Mexican Government Allegedly Used Spyware Against Journalists & Activists
After the disclosure of sophisticated global espionage and disinformation campaign aimed to discredit enemies of the state, Citizen Lab researchers exposed the dirty game of the Mexican government and its politics.

The report — "Government Spy: Systematic monitoring of journalists and human rights defenders in Mexico" — published by Citizen Lab today revealed how the Mexican government used advanced spyware tools purchased from the NSO Group to target the country's most prominent human rights lawyers, anti-corruption activists, and journalists.

The NSO Group, an Israel-based company that produces the most advanced mobile spyware on the planet, sold the tool to governments with an explicit agreement that it should be used only to fight terrorists or criminal groups that have long kidnapped and killed Mexicans.

But, the Mexican government targets include:
  • Lawyers looking into the case of 43 Students disappeared in September 2014 from the town of Iguala.
  • Two Mexican most influential journalists.
  • An American who is representing victims of sexual abuse by the police.
  • A child, presumably in an attempt to spy on his mother.
"The targets share a basic connection: they have been involved in investigating or working on reports of high-level official corruption, or government involvement in human rights abuses," the report says.
According to the report, the purchase of the NSO Group's exploit "has been documented by at least three units in Mexico:
  • the National Defense Secretariat (SEDENA)
  • the Attorney General's Office (PGR)
  • the National Security and Investigation Center (CISEN)
Since 2011, the above three Mexican federal agencies have purchased nearly $80 Million worth of spyware from the NSO group.

The surveillance tool in question is the infamous mobile spyware 'Pegasus' that was also used in targeted cyber attacks against human rights activists in the United Arab Emirates last year.

Pegasus is one of the NSO group's most advanced mobile spyware tool that can infiltrate Android, as well as iPhones to monitor calls, texts, email, contacts, and calendars, as well as use the phone's microphone and camera for surveillance, turning a target's smartphone into a sophisticated bugging device.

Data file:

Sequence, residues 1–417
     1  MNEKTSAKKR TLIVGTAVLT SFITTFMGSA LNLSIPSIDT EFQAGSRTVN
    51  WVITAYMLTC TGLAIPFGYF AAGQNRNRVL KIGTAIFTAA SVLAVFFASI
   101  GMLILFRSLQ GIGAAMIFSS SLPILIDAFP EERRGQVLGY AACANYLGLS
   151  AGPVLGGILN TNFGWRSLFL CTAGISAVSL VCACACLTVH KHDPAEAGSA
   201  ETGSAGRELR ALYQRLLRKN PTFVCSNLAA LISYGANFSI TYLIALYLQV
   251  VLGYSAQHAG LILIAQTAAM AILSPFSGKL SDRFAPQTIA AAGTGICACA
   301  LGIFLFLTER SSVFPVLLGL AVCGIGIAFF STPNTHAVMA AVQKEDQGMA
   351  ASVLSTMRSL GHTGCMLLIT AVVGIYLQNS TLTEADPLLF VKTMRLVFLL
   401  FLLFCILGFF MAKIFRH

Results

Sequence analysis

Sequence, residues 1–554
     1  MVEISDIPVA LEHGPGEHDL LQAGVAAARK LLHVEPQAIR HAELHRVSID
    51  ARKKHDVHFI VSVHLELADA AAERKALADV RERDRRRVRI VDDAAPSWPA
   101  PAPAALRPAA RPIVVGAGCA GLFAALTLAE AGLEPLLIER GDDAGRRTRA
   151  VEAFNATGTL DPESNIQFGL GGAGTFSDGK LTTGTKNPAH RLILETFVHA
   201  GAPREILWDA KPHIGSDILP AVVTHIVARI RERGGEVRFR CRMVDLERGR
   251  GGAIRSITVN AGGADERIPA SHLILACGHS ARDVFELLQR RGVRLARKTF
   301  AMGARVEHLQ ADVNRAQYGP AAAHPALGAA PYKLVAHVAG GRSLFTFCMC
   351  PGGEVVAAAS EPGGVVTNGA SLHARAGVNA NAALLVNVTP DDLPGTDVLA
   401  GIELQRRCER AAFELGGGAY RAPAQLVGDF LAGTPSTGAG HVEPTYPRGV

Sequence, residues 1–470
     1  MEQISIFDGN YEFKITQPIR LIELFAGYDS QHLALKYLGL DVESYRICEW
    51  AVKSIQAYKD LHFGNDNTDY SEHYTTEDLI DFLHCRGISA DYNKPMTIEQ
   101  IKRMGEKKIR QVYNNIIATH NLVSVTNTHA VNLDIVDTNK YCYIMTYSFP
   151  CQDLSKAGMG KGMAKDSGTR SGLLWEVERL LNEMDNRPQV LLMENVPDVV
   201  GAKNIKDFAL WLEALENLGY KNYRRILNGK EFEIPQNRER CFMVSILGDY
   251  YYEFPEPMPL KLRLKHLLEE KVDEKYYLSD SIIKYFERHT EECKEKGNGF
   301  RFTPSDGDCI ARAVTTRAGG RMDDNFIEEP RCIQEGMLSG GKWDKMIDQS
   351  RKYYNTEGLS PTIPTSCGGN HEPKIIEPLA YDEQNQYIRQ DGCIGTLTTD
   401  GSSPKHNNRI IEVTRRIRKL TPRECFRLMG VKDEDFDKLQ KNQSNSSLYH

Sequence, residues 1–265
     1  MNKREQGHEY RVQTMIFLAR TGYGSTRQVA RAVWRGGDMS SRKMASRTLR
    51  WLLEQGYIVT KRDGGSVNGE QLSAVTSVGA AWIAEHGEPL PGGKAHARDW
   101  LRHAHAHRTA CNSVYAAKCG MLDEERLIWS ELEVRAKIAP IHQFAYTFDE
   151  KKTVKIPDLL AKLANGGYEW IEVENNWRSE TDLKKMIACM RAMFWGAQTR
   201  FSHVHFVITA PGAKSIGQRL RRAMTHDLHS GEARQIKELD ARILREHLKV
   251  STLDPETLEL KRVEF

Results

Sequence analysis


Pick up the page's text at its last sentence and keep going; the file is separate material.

According to the report, the targets had received over 76 messages with links to the Pegasus exploit along with uniquely crafted social engineering messages, "troubling personal and sexual taunts, messages impersonating official communications by the Embassy of the United States in Mexico, fake AMBER Alerts, warnings of kidnappings, and other threats."

Once the victims open the link, Pegasus would then get downloaded onto their smartphones, turning the target's smartphone into a digital spying tool, which is in the pocket of victims, but fully under the control of the operator.
Mexican Government Allegedly Used Spyware Against Journalists & Activists
Mexican Government Allegedly Used Spyware Against Journalists & Activists
The malware allows the attacker to extract an incredible amount of data stored in files, contacts, messages, and emails and then forward them to a hidden server. It also takes control of the smartphone's microphone and camera — all without users' knowledge.

Among those targeted by the government include:

  • Activists with the Centro Miguel Agustín Pro Juárez for Human Rights (Centro PRODH)
  • Members of the Mexican Institute for Competitiveness (IMCO)
  • TV personality and investigative journalist Carmen Aristegui, along with her son Emilio Aristegui (a teenager)
  • Other journalists working for the Mexican non-profit Against Corruption and Impunity
  • TV network Televisa anchor Carlos Loret de Mola

A majority of the infection attempts on victims were recorded under two separate events: in August 2015 and between April 2016 and July 2016.

The report asserts that all evidence points towards the Mexican government which itself is behind the cyber espionage.

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